Examining Law-related Training in the School of Criminology

Grant program: Teaching and Learning Development Grant (TLDG)

Grant recipient: Tamara O’Doherty, School of Criminology

Project team: David MacAlister, School of Criminology, and Victoria Harraway, research assistant

Timeframe: June 2019 to January 2021

Funding: $5998

Final report: View Tamara O'Doherty's final report and full findings (PDF)

Description: This project will canvas the experiences of our alumni and senior undergraduate students who complete practicum and other placements, with a particular focus on those who have completed the legal studies certificate, minor, or legal stream courses (Crim 135, 230, 330, 335, 338) and those who have pursued law-related further education or careers.

We want to know how students feel their law-related classes prepared them for, or benefitted them in, their subsequent work or educational paths. While we want to know how the law-related courses and instruction have been useful to students who are not employed in law-related careers or educational experiences, our particular focus will be on students who pursue careers or education related to law. In addition to surveying all of our alumni who have graduated in the past five years, those currently or about to graduate, and those who gained practicum and/or co-op experience, we would like to hold informal conversations with alumni who pursued their Juris Doctorates or other legal careers to gain more insight about the level of preparation our courses gave these students. We would like to know their perspectives on the courses we offer, the specific skills that they received from our program, and the type of legal skills that they feel undergraduate students ought to have in order to succeed in law school today or in other legally-oriented careers. The underlying purpose of this project is to determine how we can best prepare our students for the current demands of legal education and law-related careers.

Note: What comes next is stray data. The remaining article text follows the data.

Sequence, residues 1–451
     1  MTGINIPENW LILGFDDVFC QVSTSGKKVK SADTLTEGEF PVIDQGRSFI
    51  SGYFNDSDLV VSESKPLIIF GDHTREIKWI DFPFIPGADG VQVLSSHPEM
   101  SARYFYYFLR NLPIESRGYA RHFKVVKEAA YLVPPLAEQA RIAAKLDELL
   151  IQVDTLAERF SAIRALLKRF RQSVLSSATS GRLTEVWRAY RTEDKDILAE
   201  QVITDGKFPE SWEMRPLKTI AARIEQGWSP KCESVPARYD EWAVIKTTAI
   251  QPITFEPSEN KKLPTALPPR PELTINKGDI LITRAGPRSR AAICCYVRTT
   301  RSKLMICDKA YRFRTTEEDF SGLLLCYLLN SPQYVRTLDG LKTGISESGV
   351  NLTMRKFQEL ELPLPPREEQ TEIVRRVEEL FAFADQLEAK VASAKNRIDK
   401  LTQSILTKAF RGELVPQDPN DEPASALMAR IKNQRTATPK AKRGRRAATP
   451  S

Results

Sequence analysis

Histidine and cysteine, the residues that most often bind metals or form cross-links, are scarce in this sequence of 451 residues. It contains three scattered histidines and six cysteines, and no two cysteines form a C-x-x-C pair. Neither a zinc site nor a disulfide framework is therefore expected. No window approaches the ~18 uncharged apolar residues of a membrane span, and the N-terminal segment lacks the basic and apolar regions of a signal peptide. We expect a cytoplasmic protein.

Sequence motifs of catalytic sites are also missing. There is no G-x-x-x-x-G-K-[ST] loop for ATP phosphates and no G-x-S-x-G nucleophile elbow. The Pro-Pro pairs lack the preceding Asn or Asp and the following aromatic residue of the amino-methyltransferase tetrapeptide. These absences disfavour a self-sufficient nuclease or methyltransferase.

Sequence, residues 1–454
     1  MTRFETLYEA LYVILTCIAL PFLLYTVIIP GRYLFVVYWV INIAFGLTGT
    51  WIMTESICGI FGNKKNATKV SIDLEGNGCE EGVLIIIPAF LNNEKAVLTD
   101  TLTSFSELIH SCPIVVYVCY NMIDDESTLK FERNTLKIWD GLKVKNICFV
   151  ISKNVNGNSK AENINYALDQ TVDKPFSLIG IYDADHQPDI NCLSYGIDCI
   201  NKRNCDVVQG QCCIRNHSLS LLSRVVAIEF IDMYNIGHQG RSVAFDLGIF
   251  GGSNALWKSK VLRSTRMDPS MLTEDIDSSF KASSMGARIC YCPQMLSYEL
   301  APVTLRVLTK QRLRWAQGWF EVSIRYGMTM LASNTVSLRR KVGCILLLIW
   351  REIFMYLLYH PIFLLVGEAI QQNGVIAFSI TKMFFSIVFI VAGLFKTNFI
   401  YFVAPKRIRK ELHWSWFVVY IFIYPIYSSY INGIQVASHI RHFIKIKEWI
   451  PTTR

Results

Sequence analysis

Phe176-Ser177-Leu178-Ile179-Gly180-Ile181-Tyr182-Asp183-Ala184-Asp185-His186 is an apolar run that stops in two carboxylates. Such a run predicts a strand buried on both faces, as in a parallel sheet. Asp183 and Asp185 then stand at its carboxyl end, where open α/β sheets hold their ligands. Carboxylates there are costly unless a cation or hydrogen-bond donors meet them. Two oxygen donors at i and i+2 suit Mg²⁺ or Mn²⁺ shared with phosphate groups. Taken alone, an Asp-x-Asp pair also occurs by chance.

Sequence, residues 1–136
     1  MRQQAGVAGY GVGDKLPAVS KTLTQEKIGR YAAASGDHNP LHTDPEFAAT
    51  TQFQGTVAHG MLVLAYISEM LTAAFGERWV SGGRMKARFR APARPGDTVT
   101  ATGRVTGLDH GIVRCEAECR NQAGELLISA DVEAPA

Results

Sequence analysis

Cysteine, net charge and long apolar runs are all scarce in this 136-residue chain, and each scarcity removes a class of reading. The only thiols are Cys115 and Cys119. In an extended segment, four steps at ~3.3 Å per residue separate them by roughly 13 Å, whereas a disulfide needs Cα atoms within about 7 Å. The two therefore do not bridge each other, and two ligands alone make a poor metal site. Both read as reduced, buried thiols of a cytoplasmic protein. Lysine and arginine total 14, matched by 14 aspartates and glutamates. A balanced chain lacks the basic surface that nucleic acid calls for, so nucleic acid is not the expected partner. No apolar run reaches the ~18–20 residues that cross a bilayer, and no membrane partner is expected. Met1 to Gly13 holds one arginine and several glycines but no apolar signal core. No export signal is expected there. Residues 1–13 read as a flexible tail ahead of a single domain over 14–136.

Questions addressed:

  • How are the required law-related courses useful for subsequent careers or further education?
  • What skills do our students learn in their law-related courses? Which courses or activities do alumni find the most beneficial in their subsequent careers or education?
  • What skills should students develop in undergraduate courses that will assist them in their subsequent careers? Which of the tools or resources that we provide regularly are useful or effective and should we alter or revise the tools in any way?
  • Do our alumni have any other recommendations about law-related courses, the legal studies minor or legal studies certificate?

Knowledge sharing: We have discussed the findings informally with our colleagues on several occasions, and with the new members of our faculty. We hope to connect with the full complement of law-related faculty at the School of Criminology and term lecturers to discuss the findings and to make recommendations about any changes to the course offerings and to the courses that currently give students credit for the legal studies minor, certificate, and post-baccalaureate degree. We will then present our findings and the recommendations to the Undergraduate Curriculum Committee.

Keywords: Legal Studies, Alumni Perspectives, Curriculum Development, Legal Undergraduate Pedagogy, Applied Skills, Evidence-based Teaching Practices